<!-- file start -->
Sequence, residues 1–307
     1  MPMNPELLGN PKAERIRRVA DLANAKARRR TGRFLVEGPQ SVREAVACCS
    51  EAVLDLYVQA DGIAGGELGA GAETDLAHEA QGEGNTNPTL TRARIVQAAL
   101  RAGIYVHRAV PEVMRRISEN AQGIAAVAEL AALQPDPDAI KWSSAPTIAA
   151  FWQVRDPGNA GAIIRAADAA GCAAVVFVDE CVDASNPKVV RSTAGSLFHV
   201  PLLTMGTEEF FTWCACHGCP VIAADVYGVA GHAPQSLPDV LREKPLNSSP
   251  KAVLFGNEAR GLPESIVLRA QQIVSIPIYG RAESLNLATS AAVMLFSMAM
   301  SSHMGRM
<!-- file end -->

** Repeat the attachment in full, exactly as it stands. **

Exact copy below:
Sequence, residues 1–307
     1  MPMNPELLGN PKAERIRRVA DLANAKARRR TGRFLVEGPQ SVREAVACCS
    51  EAVLDLYVQA DGIAGGELGA GAETDLAHEA QGEGNTNPTL TRARIVQAAL
   101  RAGIYVHRAV PEVMRRISEN AQGIAAVAEL AALQPDPDAI KWSSAPTIAA
   151  FWQVRDPGNA GAIIRAADAA GCAAVVFVDE CVDASNPKVV RSTAGSLFHV
   201  PLLTMGTEEF FTWCACHGCP VIAADVYGVA GHAPQSLPDV LREKPLNSSP
   251  KAVLFGNEAR GLPESIVLRA QQIVSIPIYG RAESLNLATS AAVMLFSMAM
   301  SSHMGRM